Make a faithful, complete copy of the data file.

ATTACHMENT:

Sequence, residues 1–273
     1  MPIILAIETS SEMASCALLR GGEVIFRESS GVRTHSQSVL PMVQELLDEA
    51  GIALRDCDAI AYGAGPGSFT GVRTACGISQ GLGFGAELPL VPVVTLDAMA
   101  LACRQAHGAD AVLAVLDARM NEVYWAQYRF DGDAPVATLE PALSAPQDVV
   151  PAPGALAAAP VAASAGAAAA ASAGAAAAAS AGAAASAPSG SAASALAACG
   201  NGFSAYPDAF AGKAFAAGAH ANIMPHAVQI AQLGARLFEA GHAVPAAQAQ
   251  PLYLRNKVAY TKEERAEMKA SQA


Sequence, residues 1–273
     1  MPIILAIETS SEMASCALLR GGEVIFRESS GVRTHSQSVL PMVQELLDEA
    51  GIALRDCDAI AYGAGPGSFT GVRTACGISQ GLGFGAELPL VPVVTLDAMA
   101  LACRQAHGAD AVLAVLDARM NEVYWAQYRF DGDAPVATLE PALSAPQDVV
   151  PAPGALAAAP VAASAGAAAA ASAGAAAAAS AGAAASAPSG SAASALAACG
   201  NGFSAYPDAF AGKAFAAGAH ANIMPHAVQI AQLGARLFEA GHAVPAAQAQ
   251  PLYLRNKVAY TKEERAEMKA SQA